An atypical disaster movie, less about the failure of technology than the failure — and perhaps the resurgence — of the human spirit in the face of that.
It’s not very suspenseful or romantic, but the always awesome Patricia Clarkson remains calm and kicks some ass, so that’s something.
How sad is it when a horror movie appears to be aiming for overwrought and still ends up underbaked? This overly familiar, wholly unoriginal would-be psychological thriller provokes few reactions outside of boredom and — in, sadly, too few moments — derisive laughter.
Today’s is Callum Keith Rennie’s 50th birthday, and we get presents…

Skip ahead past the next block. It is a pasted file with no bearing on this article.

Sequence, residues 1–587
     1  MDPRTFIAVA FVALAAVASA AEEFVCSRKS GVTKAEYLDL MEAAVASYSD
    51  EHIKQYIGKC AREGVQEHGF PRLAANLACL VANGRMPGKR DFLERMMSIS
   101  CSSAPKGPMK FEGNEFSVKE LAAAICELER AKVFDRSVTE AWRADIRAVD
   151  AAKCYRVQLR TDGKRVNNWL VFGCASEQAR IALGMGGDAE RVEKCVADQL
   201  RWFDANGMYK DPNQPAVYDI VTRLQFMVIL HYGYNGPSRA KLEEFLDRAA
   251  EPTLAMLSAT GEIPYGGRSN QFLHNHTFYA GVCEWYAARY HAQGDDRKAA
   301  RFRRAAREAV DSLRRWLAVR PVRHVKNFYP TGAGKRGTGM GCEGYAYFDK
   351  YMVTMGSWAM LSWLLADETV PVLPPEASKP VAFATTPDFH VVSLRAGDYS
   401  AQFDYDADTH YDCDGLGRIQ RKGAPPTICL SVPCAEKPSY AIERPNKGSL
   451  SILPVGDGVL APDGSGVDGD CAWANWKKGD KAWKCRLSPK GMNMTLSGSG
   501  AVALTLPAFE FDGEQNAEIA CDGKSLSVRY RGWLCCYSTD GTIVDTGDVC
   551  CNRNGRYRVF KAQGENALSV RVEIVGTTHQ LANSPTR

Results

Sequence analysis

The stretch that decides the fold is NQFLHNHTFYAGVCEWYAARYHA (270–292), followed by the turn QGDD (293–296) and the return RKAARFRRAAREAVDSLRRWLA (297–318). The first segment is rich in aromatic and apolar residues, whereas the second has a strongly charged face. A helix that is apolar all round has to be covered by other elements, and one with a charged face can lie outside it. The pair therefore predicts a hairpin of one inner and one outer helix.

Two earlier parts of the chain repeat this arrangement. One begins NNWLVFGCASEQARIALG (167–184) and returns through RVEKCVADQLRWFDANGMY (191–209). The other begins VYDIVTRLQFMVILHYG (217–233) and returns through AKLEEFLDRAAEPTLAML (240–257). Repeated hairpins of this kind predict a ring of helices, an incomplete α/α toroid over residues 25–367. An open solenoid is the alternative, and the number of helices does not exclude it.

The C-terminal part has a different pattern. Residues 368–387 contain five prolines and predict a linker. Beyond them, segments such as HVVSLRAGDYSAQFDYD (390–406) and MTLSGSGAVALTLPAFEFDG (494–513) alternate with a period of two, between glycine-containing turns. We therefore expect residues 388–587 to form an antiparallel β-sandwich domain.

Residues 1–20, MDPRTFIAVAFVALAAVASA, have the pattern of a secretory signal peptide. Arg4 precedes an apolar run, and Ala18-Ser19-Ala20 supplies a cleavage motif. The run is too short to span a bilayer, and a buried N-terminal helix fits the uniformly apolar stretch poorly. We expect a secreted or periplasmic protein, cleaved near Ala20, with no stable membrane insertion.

They did keep telling us, all through the four seasons of *Battlestar Galactica,* that the Cylons had ‘a plan,’ but we never really got the details. Sure, we assumed that the plan was to destroy humanity — that much was obvious — but was there more to it?
But if you knew when we as a species were going to buy the farm, how would you spend your final hours? That’s the question Canadian filmmaker Don McKellar asks in Last Night, which he wrote, directed, and stars in. Sort of the flip side of movies like Armageddon and Deep Impact, Last Night focuses not on the heroes trying to save the planet from certain doom but instead peeks in at how ordinary people are facing the end of the world.